The South Korean netizen sphere is not unfamiliar to international K-pop fans, especially regarding their extremities. Produce 101 is not the only place where their apathy and irrationality surfaces. Whenever dating scandals break out, celebrities are flooded with blessings as well as inexplicable rage. Going further into the past, the controversy regarding Tablo’s Stanford graduation is a good example of baseless accusations made towards a celebrity.

In the case of Yoon Ji-sung, the maliciousness comes off as irrational and unjustified. As for Kwon Hyun-bin, the negativity expressed comes off as far too absolute and persecuting. With close to no space given for forgiveness, the reaction of both participants reflect the viciousness of the public that far outnumber the sole individual. Faced with the onslaught of hate, it is almost unimaginable to try to battle a group fixated on pulling one down while keeping one’s sanity in place.

Hidden behind the screen and being one out of many, anonymity becomes a convenient shield to participate in such an act of cyberbullying. Some might argue that these participants might be over-reacting in cutting off their Instagram accounts. After all, being a celebrity almost equates having their behaviour exposed to public scrutiny and commentary. However, what needs to change is the culture of how fans (or anti-fans) behave on social media platforms like Instagram.

Oftentimes, it is said that celebrities cannot seek to please everyone and haters are inevitable. Consequently, we expect celebrities to be able to ignore these negative comments. This is always a statement that is easily flung out but hard to keep up with. These public figures are as much human as viewers and netizens are. Having to constantly face slews of insults could be a huge blow on self-confidence and is in fact a traumatising experience.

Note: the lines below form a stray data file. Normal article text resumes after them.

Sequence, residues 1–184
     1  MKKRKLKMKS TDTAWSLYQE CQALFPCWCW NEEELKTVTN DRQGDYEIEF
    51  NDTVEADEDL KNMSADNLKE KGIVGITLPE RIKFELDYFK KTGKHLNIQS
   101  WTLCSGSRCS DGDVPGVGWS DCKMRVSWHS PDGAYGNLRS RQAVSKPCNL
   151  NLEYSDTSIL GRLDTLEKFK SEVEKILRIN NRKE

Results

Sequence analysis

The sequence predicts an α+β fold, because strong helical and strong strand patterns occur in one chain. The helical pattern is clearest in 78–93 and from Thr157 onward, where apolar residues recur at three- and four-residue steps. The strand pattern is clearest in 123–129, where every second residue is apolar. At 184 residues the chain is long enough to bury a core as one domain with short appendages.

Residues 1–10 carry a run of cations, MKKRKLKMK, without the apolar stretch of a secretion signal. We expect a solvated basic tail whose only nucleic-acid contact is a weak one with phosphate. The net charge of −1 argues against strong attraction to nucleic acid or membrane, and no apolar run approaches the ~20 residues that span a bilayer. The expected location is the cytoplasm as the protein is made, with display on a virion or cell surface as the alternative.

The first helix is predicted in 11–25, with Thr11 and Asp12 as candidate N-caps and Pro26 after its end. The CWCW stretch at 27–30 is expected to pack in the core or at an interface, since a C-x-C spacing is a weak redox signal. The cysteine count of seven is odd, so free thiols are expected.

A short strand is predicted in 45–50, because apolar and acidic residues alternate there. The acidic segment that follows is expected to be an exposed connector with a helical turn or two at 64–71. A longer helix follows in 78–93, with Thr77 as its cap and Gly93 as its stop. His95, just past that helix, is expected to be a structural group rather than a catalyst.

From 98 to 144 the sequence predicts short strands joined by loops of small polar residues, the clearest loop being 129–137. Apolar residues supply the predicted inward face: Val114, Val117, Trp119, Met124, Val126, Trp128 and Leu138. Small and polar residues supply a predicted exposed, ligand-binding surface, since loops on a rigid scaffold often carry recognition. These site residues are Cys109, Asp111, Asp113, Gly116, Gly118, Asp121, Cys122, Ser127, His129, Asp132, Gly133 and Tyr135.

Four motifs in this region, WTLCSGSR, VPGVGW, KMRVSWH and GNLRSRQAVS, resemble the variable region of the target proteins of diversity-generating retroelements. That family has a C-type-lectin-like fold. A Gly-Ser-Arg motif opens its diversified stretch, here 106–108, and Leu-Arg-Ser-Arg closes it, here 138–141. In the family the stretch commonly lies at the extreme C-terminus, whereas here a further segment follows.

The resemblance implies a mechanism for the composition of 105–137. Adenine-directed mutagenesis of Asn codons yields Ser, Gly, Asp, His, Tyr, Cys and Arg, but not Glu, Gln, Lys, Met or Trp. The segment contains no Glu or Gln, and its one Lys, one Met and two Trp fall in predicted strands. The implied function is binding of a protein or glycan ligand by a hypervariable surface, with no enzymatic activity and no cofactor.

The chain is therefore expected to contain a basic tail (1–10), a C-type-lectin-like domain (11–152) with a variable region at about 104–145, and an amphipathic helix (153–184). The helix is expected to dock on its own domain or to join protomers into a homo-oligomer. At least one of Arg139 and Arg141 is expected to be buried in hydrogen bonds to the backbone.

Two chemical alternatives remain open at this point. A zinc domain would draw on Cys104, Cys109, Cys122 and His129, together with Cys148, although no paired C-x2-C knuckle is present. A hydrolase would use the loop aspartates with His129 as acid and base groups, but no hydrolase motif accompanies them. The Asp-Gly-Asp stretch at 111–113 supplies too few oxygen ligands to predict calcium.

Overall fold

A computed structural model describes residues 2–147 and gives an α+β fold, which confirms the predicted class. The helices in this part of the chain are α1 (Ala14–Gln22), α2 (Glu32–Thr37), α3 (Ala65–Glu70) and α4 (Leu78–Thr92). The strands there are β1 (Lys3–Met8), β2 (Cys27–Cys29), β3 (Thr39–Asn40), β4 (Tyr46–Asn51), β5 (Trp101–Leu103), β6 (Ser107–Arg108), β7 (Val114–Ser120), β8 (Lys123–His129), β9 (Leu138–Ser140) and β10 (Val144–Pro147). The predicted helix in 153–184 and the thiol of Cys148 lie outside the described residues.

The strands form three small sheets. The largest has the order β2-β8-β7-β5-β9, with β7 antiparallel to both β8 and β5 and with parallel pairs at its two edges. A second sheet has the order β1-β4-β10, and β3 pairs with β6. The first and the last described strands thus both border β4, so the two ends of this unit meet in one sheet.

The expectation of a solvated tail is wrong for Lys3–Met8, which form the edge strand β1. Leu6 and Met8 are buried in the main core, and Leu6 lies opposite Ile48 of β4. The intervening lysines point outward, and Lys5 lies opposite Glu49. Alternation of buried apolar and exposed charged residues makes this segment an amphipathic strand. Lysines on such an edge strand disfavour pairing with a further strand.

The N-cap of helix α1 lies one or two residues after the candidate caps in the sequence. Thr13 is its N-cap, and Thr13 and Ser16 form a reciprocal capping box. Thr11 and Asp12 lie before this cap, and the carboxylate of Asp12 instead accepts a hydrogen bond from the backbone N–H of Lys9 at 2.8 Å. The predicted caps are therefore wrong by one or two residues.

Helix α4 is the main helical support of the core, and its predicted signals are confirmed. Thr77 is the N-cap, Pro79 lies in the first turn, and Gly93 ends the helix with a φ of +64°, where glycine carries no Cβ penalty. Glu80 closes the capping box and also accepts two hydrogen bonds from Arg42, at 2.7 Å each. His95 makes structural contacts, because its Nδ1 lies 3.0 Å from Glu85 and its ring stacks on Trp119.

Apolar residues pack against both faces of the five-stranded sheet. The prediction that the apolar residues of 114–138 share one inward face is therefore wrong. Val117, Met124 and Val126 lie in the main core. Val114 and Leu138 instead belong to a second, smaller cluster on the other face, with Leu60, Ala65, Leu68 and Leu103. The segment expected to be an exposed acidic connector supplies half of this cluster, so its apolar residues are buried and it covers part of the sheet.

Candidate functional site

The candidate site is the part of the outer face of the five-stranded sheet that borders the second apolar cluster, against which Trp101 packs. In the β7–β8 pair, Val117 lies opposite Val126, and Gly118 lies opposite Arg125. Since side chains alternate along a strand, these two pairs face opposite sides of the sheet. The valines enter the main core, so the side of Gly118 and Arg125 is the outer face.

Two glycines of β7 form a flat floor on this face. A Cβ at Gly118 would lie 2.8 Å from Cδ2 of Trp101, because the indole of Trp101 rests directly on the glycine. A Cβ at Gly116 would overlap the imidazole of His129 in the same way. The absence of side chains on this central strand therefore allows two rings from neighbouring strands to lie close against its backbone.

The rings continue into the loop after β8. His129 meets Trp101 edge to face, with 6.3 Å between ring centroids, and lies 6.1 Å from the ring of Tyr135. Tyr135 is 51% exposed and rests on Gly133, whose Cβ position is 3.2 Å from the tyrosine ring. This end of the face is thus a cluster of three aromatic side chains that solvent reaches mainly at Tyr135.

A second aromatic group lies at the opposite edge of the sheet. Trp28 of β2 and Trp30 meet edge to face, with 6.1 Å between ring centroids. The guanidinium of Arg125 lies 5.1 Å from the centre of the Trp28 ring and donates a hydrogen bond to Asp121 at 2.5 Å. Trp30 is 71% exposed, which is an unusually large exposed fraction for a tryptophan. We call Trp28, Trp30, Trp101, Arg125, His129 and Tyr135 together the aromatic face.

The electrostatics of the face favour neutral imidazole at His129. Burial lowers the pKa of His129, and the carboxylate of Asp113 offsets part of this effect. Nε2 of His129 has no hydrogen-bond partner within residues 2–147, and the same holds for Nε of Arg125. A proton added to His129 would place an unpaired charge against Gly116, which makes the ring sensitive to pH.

What is truly terrifying is the presence of such a merciless audience that eats away the fantasy of glitz and glamour of fame. An audience who is supposed to be supportive of participants chasing their dreams can so easily turn their backs and execute the performer. Such irrational and childish behaviour reflects the cruelty of the audience in South Korea – almost like a terror regime that punishes once someone steps out of his supposed place.

It is the self-entitlement of an audience who believe they can abuse and attack celebrities as they deem fit that truly corrupts South Korea’s entertainment industry – an attitude that must change. An active audience builds rapport between artist and viewer, but when filled with selfishness the potential crumbles away to build an unforgiving prison of criticism and doubt.

Deviating from a cutthroat perspective of the entertainment industry, healthy competition can be and should be preserved by giving recognition when it is deserved and creating an environment where growth is allowed. It is hard to understand the burden of dealing with such overwhelming responses from the public unless we’ve experienced it. However, it is not hard to remember that each participant is also human and able to experience emotions like everybody else. Rather than direct hate towards others, it would be far more generous to offer constructive feedback or simply keep silent towards acts that are less favourable.

For the public to justify their expectation that idols must take accountability for their own actions, the public should also uphold their own end and treat each participant in a respectable manner. There is little reason to waste energies fighting against an obnoxious and unyielding public who refuse to listen. As discomforting as the behaviour of both the participants and the public might be, this slew of outbursts sheds light on the complications, responsibilities and suffering one must shoulder in becoming a celebrity.

(Insight, Nate. Images via Mnet)